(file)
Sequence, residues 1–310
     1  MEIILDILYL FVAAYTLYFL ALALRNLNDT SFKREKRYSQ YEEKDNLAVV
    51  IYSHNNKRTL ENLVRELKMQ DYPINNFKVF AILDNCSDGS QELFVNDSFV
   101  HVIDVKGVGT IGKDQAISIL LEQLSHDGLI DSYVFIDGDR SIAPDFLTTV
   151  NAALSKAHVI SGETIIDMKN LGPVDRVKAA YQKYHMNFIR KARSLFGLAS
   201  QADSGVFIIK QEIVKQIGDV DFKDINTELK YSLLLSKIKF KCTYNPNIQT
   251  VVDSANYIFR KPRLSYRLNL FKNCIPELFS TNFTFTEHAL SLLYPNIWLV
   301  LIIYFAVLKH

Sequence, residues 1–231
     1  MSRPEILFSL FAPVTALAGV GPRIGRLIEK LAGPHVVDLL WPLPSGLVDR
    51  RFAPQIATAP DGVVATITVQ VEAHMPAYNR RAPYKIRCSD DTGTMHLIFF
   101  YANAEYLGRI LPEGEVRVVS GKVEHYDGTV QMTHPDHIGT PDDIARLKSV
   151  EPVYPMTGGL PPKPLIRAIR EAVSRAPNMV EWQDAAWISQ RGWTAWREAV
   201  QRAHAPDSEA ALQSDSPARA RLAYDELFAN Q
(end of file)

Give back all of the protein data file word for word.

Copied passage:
Sequence, residues 1–310
     1  MEIILDILYL FVAAYTLYFL ALALRNLNDT SFKREKRYSQ YEEKDNLAVV
    51  IYSHNNKRTL ENLVRELKMQ DYPINNFKVF AILDNCSDGS QELFVNDSFV
   101  HVIDVKGVGT IGKDQAISIL LEQLSHDGLI DSYVFIDGDR SIAPDFLTTV
   151  NAALSKAHVI SGETIIDMKN LGPVDRVKAA YQKYHMNFIR KARSLFGLAS
   201  QADSGVFIIK QEIVKQIGDV DFKDINTELK YSLLLSKIKF KCTYNPNIQT
   251  VVDSANYIFR KPRLSYRLNL FKNCIPELFS TNFTFTEHAL SLLYPNIWLV
   301  LIIYFAVLKH

Sequence, residues 1–231
     1  MSRPEILFSL FAPVTALAGV GPRIGRLIEK LAGPHVVDLL WPLPSGLVDR
    51  RFAPQIATAP DGVVATITVQ VEAHMPAYNR RAPYKIRCSD DTGTMHLIFF
   101  YANAEYLGRI LPEGEVRVVS GKVEHYDGTV QMTHPDHIGT PDDIARLKSV
   151  EPVYPMTGGL PPKPLIRAIR EAVSRAPNMV EWQDAAWISQ RGWTAWREAV
   201  QRAHAPDSEA ALQSDSPARA RLAYDELFAN Q